What's New

Zack Hutchins
Director of Communications

May 23, 2000

Council hails proposed decline in workers' comp premiums, will track another key cost set to go up

The Business Council is pleased that employers' workers' compensation premiums may go down this year, and will continue to monitor the second key component of comp costs, which appears poised to increase, said Kerry Kirwan, The Council's legislative analyst specializing in workers' compensation issues.

Because the new rates would likely keep New York's workers' compensation costs more than 20 percent above the national average, The Council will also continue to urge more workers' compensation reforms, she added.

Earlier this month, the state's Compensation Insurance Rating Board (CIRB) recommended a decrease in workers' comp premiums of 2.5 percent and an increase in "administrative assessments" of 2.6 percent. If enacted as proposed, the changes would leave average overall workers' compensation costs largely unchanged from last year, Kirwan said.

"A decrease in premiums would be welcome news, especially after the initial proposals last year called for a double-digit premium increase," Kirwan said.

"We are concerned about the proposal to increase assessments by more than 20 percent, and we will continue to evaluate the reasons for these steadily increasing cost of workers' compensation," she added.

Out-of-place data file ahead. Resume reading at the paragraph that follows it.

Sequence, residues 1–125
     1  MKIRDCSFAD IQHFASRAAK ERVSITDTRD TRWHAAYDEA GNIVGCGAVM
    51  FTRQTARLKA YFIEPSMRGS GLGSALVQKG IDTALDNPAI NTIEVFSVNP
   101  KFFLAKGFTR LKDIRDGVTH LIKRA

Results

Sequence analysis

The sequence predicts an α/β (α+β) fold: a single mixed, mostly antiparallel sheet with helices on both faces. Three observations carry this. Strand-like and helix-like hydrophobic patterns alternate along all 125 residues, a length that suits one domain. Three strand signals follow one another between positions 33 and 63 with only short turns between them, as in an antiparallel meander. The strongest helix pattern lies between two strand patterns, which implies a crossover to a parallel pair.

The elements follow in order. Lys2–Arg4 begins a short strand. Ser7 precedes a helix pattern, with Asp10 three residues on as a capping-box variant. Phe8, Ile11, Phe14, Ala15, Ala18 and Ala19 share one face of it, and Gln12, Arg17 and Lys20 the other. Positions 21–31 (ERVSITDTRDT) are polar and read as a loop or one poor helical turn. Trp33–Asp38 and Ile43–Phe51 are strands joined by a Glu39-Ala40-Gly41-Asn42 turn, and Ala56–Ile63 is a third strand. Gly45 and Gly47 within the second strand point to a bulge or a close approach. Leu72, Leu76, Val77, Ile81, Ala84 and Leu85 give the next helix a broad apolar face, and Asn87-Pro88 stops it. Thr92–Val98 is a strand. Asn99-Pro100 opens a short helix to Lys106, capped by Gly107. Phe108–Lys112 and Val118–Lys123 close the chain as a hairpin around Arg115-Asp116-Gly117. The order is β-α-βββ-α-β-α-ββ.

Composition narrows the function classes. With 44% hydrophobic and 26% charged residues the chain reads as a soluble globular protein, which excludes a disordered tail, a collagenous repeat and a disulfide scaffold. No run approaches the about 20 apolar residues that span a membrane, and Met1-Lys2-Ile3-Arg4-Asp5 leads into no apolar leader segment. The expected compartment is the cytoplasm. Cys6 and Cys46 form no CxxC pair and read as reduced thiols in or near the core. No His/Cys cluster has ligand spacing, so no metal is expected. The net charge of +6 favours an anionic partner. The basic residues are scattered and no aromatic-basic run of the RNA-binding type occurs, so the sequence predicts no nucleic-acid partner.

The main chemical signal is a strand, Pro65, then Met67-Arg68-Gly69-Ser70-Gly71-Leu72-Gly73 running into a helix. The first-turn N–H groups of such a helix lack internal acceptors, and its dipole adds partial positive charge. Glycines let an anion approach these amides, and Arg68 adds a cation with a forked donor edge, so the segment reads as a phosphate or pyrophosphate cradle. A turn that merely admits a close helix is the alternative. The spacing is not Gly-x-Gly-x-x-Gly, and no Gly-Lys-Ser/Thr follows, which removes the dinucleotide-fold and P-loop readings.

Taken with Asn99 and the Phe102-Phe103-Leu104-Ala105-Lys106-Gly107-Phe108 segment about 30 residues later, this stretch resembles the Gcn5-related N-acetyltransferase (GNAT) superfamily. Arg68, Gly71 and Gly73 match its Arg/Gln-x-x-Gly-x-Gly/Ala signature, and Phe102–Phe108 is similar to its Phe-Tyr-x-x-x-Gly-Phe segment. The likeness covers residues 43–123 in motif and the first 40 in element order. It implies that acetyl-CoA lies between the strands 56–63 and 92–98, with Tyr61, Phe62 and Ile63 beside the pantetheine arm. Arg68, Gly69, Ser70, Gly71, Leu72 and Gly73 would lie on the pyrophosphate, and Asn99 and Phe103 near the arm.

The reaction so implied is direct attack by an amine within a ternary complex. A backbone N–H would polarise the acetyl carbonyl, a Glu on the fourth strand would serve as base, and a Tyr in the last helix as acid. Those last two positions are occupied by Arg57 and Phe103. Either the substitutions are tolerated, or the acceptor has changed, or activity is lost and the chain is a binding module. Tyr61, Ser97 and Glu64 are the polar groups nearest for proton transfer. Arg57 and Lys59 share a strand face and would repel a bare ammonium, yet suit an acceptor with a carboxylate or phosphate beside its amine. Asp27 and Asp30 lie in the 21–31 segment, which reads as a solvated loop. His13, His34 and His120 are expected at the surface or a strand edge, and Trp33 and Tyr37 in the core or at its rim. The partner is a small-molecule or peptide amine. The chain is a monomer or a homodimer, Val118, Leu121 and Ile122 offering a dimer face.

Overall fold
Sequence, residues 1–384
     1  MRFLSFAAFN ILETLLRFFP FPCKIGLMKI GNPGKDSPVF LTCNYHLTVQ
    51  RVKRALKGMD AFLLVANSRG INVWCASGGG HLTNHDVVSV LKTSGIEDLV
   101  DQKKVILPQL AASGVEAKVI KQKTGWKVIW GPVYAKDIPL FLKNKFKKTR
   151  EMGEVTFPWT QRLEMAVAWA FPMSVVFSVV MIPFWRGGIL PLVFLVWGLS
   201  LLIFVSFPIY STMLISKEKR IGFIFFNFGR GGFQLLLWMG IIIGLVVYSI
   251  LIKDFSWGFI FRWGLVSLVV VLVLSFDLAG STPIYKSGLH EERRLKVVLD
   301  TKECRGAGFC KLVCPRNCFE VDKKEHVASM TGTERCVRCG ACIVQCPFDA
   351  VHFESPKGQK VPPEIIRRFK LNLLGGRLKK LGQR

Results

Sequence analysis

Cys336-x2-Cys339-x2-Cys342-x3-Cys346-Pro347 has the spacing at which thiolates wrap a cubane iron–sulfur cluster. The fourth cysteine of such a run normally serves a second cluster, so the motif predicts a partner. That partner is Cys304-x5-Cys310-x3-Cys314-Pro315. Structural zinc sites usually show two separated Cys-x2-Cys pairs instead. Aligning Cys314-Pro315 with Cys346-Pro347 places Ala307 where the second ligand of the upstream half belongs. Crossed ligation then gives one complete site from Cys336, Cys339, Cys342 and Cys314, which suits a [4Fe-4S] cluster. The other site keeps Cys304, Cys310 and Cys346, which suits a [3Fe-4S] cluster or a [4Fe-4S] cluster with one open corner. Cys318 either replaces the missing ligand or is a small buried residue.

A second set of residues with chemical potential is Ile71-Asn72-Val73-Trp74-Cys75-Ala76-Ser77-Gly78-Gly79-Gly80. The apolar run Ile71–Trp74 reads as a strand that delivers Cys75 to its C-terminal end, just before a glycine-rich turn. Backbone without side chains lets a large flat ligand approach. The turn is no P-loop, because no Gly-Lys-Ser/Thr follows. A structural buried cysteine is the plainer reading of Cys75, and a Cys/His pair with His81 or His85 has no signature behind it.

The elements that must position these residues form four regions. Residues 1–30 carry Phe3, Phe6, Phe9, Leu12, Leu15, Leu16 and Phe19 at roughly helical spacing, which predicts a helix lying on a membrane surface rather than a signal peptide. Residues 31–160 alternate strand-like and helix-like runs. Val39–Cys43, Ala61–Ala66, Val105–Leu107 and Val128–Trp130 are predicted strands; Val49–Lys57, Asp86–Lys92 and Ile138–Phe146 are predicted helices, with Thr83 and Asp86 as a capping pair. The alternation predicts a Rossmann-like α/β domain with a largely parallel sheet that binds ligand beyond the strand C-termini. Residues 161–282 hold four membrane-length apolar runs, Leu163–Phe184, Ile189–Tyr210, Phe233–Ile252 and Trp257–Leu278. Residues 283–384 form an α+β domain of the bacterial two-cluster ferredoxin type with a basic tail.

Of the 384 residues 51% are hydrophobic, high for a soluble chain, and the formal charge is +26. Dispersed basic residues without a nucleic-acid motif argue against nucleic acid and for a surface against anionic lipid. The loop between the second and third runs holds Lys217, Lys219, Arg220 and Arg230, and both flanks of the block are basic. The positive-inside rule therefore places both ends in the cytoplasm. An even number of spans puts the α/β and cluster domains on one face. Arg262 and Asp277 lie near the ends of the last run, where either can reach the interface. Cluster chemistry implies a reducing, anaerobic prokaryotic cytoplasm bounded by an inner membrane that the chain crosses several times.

Kirwan also noted that much of the money collected from administrative assessments supports special funds that are currently being examined by a task force created by Governor George Pataki. That task force includes one representative of The Business Council, Patrick McLaughlin, training manager for United Parcel Service in upstate New York.

"The continuing struggle to contain or reduce comp costs reinforces the importance of this committee," Kirwan said.

Workers' compensation is a system of employer-funded "no fault" insurance designed to ensure that workers injured on the job receive both medical assistance and weekly support payments, generally until they can return to work. Established in 1914, it was viewed as a historic agreement between labor and management designed to address the needs of the workforce. Under this agreement, employers assumed all liability, regardless of fault, for all job-related injuries. But the law also set monetary limits on employers' liability. Workers received prompt, specific and adequate payment for injuries, but relinquished the right to sue for more.

How total workers' comp costs are determined: Employers' workers' compensation costs reflect both premiums and assessments.

Premiums are rates paid by employers for their employees' workers' comp insurance. Employers pay different rates for different jobs. New York State sets rates for nearly 800 different job classifications, which differ based on the danger associated with different kinds of work. Rates for these job classifications are called "manual rates."

The premiums employers actual pay are based on the total of the manual rates for all jobs on the payroll, modified by the employers "experience" – that is, its history of claims in the workers' compensation system. Employers with "positive experience" – that is, a relatively safe workplace record and thus relatively few claims – generally pay less.

After an employer's total premium is calculated in this way, an additional percentage, called an administrative assessment, is tacked onto the bill. Money collected from assessments covers the administrative costs of the Workers' Compensation Board (WCB) and ensure that several special funds administered by the board are adequately funded.